“When I first saw the headline, I figured either LAB had gone crazy or else I had.” – recent comment by Bike Delaware reader
Just a few years ago, Delaware’s “Bicycle Friendly State” ranking by the League of American Bicyclists (LAB) was somewhere in the 30s among the 50 states. In 2011, we were ranked 18th. Then, last year, we cracked the top 10 and started eyeing the #1 spot. (In fact, we said getting to #1 was the #1 reason to join Bike Delaware.)
This year the LAB announced its new Bicycle Friendly State rankings on May 1. Delaware had not only managed to hold on to its #10 ranking, we had shot up to #5! And the only four states ranked higher were all western states, making Delaware the most bicycle-friendly state east of the Mississippi River.
When a reader recently commented that “when I first saw the headline, I figured either LAB had gone crazy or else I had“, we could understand.
So how do we explain our rapid ascent in the LAB rankings? Rather than just making up an answer ourselves, we thought it would just be easier to ask LAB. So we did.
According to Nicole Wynand, the manager of LAB’s Bicycle Friendly State program,
“Governor Markell’s vision to make Delaware one of the most walkable and bikable states in America has transformed the way transportation policy is developed and implemented in the First State. Delaware’s impressive financial commitment to cycling, the proposed Trails and Pathways Plan, the recent 3-ft passing and vulnerable road user laws, and the strong support by advocacy groups and citizens has catapulted Delaware past great states for cycling like Massachusetts and Wisconsin. We see a lot of potential in Delaware to move up even further in the coming years.”
So there it is. It’s actually a simple explanation:
- Two past legislative successes
- The First State Trails and Pathways Plan
- Money for cycling improvements
- Governor’s Markell’s vision
- Strong support by advocacy groups
In terms of how we keep our new #5 ranking (or improve it), we have to execute on these promises. Everything except the two legislative successes is contingent on continued funding for cycling improvements. Delaware’s Bicycle Friendly State “report card” just underlines that. And so does the same reader I quoted at the top of this article:
“Thanks for posting the actual report card. It explains how Delaware can rate so high in spite of my Delaware cycling experience being much worse than when I rode regularly in the South Bronx and other parts of New York City in the 1990s. When I first saw the headline, I figured either LAB had gone crazy or else I had. But none of the rating items is actually a measure of cycling *experience* or real conditions on the ground, so the divergence is perfectly understandable. And I realize that I live in a particularly bike unfriendly part of the state. Anyway, keep up the good work Bike Delaware! Change is slow.”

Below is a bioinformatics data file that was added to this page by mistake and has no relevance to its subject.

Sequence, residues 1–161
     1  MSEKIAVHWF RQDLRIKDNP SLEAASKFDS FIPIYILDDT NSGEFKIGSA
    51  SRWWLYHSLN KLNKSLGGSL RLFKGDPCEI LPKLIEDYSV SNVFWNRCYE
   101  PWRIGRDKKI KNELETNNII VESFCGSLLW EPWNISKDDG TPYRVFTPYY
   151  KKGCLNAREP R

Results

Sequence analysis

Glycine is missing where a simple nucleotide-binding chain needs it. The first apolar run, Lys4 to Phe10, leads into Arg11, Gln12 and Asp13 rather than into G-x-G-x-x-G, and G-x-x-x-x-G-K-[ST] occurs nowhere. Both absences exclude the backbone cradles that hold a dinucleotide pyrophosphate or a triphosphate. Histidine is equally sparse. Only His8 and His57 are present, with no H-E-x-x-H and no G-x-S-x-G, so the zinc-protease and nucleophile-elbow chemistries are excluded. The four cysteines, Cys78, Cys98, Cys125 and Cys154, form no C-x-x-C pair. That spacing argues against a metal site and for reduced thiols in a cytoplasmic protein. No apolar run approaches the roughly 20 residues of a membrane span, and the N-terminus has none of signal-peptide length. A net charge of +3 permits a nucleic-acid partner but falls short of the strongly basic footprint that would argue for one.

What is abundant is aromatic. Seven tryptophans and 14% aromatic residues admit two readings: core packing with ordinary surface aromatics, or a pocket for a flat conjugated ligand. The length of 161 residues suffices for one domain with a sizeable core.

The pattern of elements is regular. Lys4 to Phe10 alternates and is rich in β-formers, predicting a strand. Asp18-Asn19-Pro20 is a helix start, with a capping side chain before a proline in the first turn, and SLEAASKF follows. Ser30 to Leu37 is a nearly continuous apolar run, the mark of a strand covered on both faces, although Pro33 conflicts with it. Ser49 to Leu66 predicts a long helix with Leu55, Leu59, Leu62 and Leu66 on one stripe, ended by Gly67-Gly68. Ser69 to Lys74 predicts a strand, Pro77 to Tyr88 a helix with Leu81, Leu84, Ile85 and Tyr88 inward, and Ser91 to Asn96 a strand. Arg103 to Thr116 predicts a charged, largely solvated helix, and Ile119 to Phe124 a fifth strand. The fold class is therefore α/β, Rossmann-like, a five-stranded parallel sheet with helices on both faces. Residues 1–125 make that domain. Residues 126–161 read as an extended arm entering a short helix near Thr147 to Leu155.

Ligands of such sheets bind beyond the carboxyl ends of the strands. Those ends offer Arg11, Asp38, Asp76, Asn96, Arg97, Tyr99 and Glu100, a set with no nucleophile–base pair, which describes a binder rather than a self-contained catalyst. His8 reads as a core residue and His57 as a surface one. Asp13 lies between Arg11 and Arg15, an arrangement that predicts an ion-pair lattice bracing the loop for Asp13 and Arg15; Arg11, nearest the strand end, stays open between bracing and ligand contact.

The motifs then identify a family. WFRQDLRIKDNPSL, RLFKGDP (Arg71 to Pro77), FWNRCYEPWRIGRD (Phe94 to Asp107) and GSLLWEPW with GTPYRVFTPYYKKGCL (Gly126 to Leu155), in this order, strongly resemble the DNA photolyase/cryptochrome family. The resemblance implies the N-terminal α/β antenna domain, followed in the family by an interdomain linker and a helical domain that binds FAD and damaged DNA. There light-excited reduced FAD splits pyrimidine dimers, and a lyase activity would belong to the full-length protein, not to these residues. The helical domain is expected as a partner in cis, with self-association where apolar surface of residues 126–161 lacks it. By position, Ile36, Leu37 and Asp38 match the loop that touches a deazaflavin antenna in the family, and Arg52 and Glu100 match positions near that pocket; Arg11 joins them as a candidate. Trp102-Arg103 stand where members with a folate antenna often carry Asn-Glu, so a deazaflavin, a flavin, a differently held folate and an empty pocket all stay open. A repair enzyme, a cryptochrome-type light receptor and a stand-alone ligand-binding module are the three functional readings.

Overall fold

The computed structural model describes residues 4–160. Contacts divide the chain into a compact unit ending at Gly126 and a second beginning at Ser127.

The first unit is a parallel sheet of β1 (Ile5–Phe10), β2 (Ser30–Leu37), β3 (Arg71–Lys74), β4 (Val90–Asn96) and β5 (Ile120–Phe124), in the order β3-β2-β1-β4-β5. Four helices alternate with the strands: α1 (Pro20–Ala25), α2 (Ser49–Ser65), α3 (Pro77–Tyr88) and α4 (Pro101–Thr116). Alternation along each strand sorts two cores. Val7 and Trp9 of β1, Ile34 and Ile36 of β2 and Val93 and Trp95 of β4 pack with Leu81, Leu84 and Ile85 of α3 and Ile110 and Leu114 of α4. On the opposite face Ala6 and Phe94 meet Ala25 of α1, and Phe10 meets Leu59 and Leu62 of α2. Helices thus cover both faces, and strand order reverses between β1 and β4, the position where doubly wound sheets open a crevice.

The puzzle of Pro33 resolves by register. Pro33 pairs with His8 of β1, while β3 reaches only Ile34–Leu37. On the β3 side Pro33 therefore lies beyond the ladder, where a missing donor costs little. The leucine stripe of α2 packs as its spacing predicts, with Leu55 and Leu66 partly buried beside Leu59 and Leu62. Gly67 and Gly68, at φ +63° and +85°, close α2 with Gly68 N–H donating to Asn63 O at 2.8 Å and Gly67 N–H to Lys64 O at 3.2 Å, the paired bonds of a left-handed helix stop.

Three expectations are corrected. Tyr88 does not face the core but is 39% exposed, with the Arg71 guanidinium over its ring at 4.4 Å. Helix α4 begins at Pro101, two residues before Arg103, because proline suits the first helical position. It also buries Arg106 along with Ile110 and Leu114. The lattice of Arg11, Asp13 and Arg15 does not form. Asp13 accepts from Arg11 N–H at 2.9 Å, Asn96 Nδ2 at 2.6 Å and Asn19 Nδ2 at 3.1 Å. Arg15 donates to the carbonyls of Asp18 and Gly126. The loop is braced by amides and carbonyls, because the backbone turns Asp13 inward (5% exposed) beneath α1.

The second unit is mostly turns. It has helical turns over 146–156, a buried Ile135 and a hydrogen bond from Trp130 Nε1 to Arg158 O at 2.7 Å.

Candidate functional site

If Bike Delaware had $10,000 laying around that we had to spend tomorrow on a public service announcement, it wouldn’t be for a giant “Share the Road” billboard. But it might be for a giant billboard that said “CHANGE IS SLOW”. Probably the most difficult single idea we strive to get out to the public AND to decision-makers is just that: Change is slow. The reason that change is slow is because the primary variable that controls the quantity and quality of bicycling in Delaware is not a regulation or a sign or even public or cultural attitudes. The primary issue is the bicycle-friendliness of the physical built environment. And that’s not something we (or even Governor Markell) can snap our fingers overnight to change.
But just because the magnitude of the problem is huge doesn’t mean we can’t make Delaware more bicycle-friendly than it is right now. Indeed, every single year we have a huge opportunity in Delaware to do just that. How huge do you want? Is $400 million huge enough for you? Where does that number come from? That’s the size of DelDOT’s annual capital budget for transportation “improvements”. $400 million. Every single year.
Here are our choices. We can take every last penny of that $400 million and spend it on more / larger / better roads. Or we can just spend most of it on more / larger / better roads and some of it on other transportation modes (including cycling). Bike Delaware is fighting for the latter. The vote by the critical committee of the Delaware General Assembly on whether any of next year’s $400 million for transportation improvements will go to Bike and Pedestrian Improvements is within the next 4 weeks. Be sure to read www.bikede.org every day for the next 4 weeks to keep abreast of the latest in this fight, and for information about how you can make your voice heard for building a more walkable and bikeable Delaware.
James Wilson is the executive director of Bike Delaware.